The Origins of Foresight from an Islamic Perspective

This paper examines the origins of foresight within Islamic thought, relying on the Qura'n and the Sunnah as the basic sources of Muslim thought. In its overview of the history of foresight, the paper deals first with the concept of the metaphysical realm (al ghayb) in Islamic tradition and its relationship with forecasting the future. The paper demonstrates the malleability of this major Quranic concept. Next, it considers the issue of time and the supremacy within of the principle of the "open future" as compared to the idea of "progress" that was widespread in Europe in the 19th century. It goes on to reflect on the Islamic interest in forecasting following an increased preference among Islamic jurisprudents for the study of "possible future outcomes". Possible obstacles to foresight are also considered in this paper, in particular those Islamic beliefs that, in some interpretations, may stymie the natural evolution of futurology in the Muslim World. Most significant of these is that of qadar wa al tawakul ("Resignation to fate" or "to put one's faith in fate"). Finally, the paper suggests some theoretical and practical solutions based on fundamental understandings of causality.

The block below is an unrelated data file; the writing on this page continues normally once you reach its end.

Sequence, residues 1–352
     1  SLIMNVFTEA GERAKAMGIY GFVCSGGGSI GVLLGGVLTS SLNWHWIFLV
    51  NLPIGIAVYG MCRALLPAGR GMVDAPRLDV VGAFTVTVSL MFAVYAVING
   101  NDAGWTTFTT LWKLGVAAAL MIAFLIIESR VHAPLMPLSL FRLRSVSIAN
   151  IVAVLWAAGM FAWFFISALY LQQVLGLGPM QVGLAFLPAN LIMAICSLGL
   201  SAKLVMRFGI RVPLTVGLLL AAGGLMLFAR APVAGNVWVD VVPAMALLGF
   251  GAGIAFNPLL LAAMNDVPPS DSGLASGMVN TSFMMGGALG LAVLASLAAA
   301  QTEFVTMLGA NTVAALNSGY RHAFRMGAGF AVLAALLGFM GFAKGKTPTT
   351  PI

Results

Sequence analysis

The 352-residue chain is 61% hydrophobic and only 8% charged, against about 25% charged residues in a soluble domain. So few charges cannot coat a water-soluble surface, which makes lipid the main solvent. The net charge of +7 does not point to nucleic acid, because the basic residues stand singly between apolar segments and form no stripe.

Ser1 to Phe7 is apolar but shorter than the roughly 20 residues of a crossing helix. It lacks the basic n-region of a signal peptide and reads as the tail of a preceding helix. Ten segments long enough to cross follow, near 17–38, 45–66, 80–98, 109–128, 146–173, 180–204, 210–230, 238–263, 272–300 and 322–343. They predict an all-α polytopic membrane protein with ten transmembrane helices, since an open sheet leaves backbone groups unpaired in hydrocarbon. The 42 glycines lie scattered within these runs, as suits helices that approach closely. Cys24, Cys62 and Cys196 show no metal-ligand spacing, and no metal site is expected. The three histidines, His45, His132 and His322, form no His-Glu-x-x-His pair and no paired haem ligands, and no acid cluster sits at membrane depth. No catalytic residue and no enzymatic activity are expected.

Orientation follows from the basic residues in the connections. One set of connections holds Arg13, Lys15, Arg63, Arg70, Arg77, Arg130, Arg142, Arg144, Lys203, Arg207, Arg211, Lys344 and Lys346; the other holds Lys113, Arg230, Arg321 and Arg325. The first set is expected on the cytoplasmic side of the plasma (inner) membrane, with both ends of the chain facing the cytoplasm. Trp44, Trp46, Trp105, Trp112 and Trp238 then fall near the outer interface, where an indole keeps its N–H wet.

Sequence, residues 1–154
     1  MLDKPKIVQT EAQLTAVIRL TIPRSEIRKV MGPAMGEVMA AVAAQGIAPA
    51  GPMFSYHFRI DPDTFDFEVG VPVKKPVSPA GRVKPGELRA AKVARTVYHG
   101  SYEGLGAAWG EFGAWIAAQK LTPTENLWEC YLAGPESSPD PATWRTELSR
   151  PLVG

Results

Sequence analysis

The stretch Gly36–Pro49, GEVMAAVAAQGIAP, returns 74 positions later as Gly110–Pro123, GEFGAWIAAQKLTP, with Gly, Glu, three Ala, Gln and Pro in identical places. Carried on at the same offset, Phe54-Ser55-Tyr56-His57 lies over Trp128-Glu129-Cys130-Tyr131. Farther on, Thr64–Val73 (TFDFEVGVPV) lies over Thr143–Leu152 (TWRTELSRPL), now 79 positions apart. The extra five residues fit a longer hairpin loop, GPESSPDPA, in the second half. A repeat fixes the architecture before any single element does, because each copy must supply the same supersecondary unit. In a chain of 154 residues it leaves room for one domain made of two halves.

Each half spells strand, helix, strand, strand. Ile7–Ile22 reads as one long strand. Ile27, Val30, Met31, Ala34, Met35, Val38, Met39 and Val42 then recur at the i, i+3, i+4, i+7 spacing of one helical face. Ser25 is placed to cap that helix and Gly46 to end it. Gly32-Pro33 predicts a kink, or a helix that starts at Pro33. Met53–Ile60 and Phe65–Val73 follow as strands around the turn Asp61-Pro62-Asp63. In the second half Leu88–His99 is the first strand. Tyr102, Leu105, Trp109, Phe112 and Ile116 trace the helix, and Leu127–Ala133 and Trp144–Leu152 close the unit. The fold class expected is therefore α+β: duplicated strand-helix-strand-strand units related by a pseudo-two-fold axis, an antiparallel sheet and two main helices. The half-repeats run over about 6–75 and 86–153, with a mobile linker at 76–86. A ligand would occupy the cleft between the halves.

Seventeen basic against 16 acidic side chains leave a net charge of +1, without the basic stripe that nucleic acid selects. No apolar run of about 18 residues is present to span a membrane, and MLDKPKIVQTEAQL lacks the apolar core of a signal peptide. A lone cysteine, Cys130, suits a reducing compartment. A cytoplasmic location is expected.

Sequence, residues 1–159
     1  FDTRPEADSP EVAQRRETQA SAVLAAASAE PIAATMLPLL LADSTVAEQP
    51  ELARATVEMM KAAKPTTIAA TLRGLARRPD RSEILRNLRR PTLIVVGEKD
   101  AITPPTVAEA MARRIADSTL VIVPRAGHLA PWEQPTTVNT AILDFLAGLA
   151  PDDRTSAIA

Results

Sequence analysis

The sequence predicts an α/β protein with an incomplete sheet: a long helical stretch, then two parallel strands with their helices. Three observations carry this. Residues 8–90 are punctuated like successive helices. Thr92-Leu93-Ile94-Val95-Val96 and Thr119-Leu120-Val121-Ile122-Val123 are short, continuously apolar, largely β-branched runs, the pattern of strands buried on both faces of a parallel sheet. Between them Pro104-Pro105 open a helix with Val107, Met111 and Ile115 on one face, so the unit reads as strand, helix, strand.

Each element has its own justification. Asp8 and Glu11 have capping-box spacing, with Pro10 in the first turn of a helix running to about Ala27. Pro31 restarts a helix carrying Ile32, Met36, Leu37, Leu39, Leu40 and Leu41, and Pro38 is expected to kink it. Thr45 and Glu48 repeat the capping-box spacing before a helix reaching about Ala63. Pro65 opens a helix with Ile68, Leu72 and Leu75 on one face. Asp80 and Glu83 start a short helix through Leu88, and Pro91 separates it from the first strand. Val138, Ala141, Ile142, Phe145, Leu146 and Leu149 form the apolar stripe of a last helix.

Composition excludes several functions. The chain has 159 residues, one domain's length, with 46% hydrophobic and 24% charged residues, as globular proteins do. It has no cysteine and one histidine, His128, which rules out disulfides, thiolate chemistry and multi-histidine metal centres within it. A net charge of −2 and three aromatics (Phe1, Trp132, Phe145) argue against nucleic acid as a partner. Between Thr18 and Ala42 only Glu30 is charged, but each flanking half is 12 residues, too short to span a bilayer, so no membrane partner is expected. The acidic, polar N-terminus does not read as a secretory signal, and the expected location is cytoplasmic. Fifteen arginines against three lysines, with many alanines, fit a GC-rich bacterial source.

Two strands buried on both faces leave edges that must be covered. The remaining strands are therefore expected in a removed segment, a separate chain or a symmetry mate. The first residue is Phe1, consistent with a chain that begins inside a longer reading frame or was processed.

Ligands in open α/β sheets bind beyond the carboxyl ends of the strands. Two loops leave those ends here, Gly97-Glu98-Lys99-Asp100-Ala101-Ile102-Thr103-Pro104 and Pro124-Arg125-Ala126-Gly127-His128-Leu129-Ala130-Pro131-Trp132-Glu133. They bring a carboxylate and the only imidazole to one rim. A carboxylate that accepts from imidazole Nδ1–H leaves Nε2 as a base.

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This paper examines the origins of foresight within Islamic thought, relying on the Qura'n and the Sunnah as the basic sources of Muslim thought. In its overview of the history of foresight, the paper deals first with the concept of the metaphysical realm (al ghayb) in Islamic tradition and its relationship with forecasting the future. The paper demonstrates the malleability of this major Quranic concept. Next, it considers the issue of time and the supremacy within of the principle of the "open future" as compared to the idea of "progress" that was widespread in Europe in the 19th century. It goes on to reflect on the Islamic interest in forecasting following an increased preference among Islamic jurisprudents for the study of "possible future outcomes". Possible obstacles to foresight are also considered in this paper, in particular those Islamic beliefs that, in some interpretations, may stymie the natural evolution of futurology in the Muslim World. Most significant of these is that of qadar wa al tawakul ("Resignation to fate" or "to put one's faith in fate"). Finally, the paper suggests some theoretical and practical solutions based on fundamental understandings of causality.

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